The most beautiful women I know are the kindest women I know, a realisation that only dawned on me with the passage of time.
By the time I reached my twenties, things had changed immeasurably. I was a little older, a little wiser, a little more experienced. I was growing into myself, a little more comfortable, with less frequent bouts of self-doubt. I spent some summers travelling and befriended people from all
walks of life. People who opened my eyes and my mind to perceived notions of beauty. I took my foot off the self-criticism peddle for a little while and just enjoyed being who I was, embracing my individual differences. My mother was thrilled.
This theme continued for a few years, with infrequent self-comparison blips along the way, and then I got married and moved overseas. For the first time in my life, all the women I was friends with were older than me. And not only that, they were wiser, more mature, and in possession
of significantly more life experience. They welcomed me warmly, instantly accepting, throwing open their arms to offer an extended, supportive hug that I didn’t know I needed.
When I look back at this period of my life, I realise how pivotal it was and how fortunate I was to experience it. I always considered these women beautiful without really thinking about the why, but of course, now, I understand. They were comfortable in their own skin, not only with how
they looked but how they felt about themselves. Because they knew who they were. And not only that – they were incredibly kind to me. The most beautiful women I know are the kindest women I know, a realisation that only dawned on me with the passage of time.
My mother is beautiful, a strong, supportive, loving force of nature, and someone whose very idea of beauty was put to the test with a skin cancer diagnosis many years ago. When she broke the news, I kept thinking about the beautiful soft, unlined skin on her face and the procedure she
was about to go through. But most of all, I kept thinking about how she must be feeling.
I’m more concerned these days with feeling as well as possible, and so I take good care of my skin, and I exercise, and I try to eat well and spend as much time as I can with the people I love.
Because at the end of the day, isn’t that what beauty is all about? It’s a feeling. No matter our age, or how we look, or where we come from. It’s a feeling about ourselves: it’s what we feel when we look in the mirror. It’s the respect we have for ourselves, respect earned through living and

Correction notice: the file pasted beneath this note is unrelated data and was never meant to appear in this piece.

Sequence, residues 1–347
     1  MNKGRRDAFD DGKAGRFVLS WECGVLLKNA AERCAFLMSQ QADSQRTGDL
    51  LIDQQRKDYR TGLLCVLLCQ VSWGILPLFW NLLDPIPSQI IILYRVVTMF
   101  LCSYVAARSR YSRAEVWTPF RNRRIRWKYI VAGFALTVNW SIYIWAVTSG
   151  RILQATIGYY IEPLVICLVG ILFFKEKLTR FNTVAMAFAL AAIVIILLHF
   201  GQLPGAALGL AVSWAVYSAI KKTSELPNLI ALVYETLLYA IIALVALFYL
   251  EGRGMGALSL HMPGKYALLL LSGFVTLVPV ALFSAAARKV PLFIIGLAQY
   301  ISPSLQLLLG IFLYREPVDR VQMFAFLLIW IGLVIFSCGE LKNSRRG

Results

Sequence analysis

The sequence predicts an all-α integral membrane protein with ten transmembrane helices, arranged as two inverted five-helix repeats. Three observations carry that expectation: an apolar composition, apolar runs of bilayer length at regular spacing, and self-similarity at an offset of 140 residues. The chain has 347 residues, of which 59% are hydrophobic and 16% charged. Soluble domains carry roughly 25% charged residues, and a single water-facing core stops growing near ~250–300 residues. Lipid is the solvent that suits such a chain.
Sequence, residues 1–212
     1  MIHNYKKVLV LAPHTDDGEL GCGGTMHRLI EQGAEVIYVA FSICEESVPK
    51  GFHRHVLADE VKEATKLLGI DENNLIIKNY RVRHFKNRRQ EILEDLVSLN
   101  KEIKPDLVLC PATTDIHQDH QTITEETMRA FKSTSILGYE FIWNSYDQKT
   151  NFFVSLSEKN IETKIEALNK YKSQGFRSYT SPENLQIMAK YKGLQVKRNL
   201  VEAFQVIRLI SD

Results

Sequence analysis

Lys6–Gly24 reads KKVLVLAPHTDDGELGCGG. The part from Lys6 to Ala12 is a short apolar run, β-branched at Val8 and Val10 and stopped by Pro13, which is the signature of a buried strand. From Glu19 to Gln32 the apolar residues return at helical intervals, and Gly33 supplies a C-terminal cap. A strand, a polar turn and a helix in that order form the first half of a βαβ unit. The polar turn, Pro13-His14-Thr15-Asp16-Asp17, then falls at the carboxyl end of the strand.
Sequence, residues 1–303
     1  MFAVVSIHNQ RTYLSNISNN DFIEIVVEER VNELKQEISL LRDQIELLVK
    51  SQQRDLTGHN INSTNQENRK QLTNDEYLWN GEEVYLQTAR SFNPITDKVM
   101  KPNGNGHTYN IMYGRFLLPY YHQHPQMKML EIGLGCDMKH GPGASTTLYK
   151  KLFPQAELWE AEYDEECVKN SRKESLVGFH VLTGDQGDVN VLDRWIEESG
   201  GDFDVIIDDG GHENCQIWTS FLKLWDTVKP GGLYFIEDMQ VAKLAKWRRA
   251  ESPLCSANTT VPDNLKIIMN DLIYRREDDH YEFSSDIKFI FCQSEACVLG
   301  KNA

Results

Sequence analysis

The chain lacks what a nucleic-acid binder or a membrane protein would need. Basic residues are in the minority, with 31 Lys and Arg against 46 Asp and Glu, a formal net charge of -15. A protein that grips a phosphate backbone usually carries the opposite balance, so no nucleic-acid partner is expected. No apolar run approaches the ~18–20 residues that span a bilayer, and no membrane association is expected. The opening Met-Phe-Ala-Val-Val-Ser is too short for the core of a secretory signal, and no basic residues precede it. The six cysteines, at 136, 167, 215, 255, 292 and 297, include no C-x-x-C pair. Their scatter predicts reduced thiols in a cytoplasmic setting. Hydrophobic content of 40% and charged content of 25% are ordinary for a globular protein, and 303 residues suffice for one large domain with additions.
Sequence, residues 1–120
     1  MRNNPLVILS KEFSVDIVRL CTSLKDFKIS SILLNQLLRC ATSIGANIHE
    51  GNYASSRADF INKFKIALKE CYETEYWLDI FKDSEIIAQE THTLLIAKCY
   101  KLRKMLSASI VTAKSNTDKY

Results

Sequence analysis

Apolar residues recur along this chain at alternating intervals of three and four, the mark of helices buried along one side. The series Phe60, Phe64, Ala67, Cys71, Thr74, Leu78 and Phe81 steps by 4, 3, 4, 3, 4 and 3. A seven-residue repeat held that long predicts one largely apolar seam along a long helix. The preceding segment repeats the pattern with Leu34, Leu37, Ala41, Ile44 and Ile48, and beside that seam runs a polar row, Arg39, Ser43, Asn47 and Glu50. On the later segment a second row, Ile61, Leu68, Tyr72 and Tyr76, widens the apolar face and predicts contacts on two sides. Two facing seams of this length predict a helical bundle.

life experience, and surrounding ourselves with the right people. Particularly, the right women.
As I hurtle towards my forties and get ready to enter a new stage of my life, I think about what beauty means to me now. Thankfully, my perception of myself is no longer rooted in the opinions of others but in how I feel in my body and my mind. I’m more concerned these days with feeling as well as possible, and so I take good care of my skin, and I exercise, and I try to eat well and spend as much time as I can with the people I love. I’m more aware of the importance of putting time aside to reflect and follow a ritual and a routine that helps bring me back to myself. Something I learned from my grandmother, and something that I hope to pass on to my
own children when they’re older. I think about her often and the incredible groundwork she laid for me on this journey. I think about the respect she had for herself, the self-awareness she possessed, and the morning and evening rituals that she never missed.
I think about her often, but especially when I sit at my makeup table, as I open various jars and tubes, and carefully, and methodically, tilt my head, this way and that, to cover every inch of my skin. I think about how it makes me feel and how it must have made her feel. And every time I do, I’m back there with her again, just for a moment.
And isn’t that the most beautiful thing of all?
This excerpt was taken from the April issue of Irish Tatler.